In order to get these numbers at the moment, it is quite complicated a job. You need to use the User Explorer report under Acquisition, filter out all the non-converters and then export this report to divide the revenue by the number of converting users.
Step 7. Abandonment & Relapse: The Ebbs and Flows of Love
The reason the sales funnel is called a “funnel” is because the top is always larger than the bottom.That’s because customers will abandon your site or your product at each step, making the lowest part of the funnel the smallest. In dating, you might match with 10 people on tinder, go on a date with 4, have a great connection with 2 and then get serious with… let’s say just one.
If you’re lucky, or you play your cards right in ecommerce, you will encourage relapse from your abandoners. Relapse efforts include things like remarketing, abandoned checkout emails and post-purchase support. Each report that I’ve outlined in this article will account for abandonment and relapse.
Just like in the game of love, maybe a couple months go by and the one you were serious with didn’t work out. So you contact another match with which you had a great connection. This is the classic story of abandon-relapse. Sleeping with an ex? Yeah we won’t go there today.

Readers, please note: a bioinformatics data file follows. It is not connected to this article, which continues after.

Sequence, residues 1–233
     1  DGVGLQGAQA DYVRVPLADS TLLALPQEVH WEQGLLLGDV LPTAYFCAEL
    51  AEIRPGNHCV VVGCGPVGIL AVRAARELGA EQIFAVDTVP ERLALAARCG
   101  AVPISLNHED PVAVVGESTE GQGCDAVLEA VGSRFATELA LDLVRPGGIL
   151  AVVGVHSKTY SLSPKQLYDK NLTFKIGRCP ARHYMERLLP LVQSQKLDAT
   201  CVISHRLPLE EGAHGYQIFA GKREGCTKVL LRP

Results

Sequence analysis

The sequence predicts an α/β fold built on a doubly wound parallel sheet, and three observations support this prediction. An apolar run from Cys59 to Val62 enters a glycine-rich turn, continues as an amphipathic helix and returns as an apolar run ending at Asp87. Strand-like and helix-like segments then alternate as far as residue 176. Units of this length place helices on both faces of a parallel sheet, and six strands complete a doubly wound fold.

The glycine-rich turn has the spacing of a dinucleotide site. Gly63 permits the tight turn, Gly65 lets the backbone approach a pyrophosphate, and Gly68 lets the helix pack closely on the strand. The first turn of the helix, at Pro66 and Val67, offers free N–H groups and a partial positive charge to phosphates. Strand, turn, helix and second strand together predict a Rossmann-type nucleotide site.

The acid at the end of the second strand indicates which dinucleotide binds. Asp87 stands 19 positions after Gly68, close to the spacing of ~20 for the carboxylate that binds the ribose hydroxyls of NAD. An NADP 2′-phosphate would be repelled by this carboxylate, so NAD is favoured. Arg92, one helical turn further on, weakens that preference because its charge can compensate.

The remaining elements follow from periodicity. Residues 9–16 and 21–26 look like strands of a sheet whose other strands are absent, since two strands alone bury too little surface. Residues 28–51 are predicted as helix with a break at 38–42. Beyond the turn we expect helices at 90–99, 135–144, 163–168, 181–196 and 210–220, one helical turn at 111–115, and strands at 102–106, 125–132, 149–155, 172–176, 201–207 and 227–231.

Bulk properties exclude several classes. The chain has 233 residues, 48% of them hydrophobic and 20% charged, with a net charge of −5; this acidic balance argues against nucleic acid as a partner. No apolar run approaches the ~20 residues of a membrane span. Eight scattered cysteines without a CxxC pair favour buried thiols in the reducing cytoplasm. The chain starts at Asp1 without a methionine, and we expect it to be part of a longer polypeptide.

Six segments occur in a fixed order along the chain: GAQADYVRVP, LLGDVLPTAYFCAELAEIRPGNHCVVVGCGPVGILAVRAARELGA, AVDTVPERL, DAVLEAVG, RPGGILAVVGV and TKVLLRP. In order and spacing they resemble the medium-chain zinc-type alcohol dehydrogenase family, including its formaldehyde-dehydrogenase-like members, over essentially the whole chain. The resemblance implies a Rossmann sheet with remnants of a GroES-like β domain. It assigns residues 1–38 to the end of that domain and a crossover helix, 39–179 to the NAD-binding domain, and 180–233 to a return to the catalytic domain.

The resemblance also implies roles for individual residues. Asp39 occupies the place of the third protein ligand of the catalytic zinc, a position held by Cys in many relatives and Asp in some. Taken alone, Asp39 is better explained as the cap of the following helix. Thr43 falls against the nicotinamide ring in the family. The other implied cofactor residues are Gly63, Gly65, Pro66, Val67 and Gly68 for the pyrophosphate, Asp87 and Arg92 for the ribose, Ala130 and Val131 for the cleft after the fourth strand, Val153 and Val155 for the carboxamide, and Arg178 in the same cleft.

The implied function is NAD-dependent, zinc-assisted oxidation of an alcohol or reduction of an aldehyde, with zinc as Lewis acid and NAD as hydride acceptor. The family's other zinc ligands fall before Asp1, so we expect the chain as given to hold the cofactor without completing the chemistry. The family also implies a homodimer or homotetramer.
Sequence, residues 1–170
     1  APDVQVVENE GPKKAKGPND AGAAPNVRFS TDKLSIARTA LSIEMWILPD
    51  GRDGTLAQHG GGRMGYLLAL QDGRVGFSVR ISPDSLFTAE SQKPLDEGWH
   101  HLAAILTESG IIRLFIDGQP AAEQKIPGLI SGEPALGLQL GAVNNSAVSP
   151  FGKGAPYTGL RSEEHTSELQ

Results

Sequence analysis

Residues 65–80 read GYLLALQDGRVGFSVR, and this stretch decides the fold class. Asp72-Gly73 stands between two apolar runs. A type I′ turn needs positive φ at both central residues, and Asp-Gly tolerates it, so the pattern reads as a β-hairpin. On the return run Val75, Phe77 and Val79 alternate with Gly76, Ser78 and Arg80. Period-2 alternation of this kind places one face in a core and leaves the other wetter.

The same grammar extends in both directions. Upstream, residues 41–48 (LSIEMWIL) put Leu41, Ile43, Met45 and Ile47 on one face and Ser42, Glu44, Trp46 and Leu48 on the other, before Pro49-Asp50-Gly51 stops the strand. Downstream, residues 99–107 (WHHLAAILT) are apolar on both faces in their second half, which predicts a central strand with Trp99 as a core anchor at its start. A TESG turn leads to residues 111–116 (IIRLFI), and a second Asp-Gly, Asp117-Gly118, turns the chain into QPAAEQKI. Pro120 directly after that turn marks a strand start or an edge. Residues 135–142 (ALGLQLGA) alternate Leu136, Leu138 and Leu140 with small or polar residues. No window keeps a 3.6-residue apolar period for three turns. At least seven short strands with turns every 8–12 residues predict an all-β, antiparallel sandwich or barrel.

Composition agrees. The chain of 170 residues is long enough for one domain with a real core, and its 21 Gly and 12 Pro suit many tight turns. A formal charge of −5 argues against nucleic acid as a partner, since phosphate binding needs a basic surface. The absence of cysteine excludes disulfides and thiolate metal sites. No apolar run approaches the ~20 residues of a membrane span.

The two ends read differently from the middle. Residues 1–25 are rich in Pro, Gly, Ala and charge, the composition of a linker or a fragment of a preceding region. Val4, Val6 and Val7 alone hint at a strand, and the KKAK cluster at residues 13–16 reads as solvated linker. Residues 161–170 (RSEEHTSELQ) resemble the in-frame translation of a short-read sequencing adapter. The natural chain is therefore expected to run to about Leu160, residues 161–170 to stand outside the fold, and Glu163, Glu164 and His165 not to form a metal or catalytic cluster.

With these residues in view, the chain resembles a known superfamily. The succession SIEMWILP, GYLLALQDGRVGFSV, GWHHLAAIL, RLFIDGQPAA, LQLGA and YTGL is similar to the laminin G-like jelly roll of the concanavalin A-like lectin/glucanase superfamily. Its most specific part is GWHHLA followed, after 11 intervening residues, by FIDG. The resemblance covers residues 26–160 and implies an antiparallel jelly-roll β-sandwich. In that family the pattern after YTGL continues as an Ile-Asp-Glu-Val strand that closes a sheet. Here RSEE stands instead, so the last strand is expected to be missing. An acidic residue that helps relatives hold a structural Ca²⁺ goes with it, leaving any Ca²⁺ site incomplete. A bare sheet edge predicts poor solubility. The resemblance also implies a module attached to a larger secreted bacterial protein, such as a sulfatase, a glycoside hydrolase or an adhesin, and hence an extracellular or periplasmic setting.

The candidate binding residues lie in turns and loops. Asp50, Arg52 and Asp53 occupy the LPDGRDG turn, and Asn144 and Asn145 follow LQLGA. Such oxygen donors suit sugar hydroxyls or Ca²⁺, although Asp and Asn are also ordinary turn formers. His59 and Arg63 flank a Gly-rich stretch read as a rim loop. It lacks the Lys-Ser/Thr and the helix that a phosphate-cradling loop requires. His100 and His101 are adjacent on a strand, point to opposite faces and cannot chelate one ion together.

Conclusion: Ecommerce and Dating
Sales funnels and behavior change have been around since the beginning of time, but only recently have we had the ability to track each step so accurately. Google Analytics is a great tool when used in the right context.
Data is only numbers unless you can tie it to some sort of bigger picture goal or action. When it comes to commerce, the end action we’re striving for is loyal customers. But we cannot get there unless we start with awareness, move to education, interest, motivation and short-term action.
If you don’t care about ecommerce and are just here for dating advice, that’s okay too.
About The Author
Doug Crowe is a Merchant Success Manager at Shopify Plus where he works with the platforms largest merchants helping them manage and scale their business. He is also the co-founder of Hippy Pits where he puts his ecommerce knowledge into practice.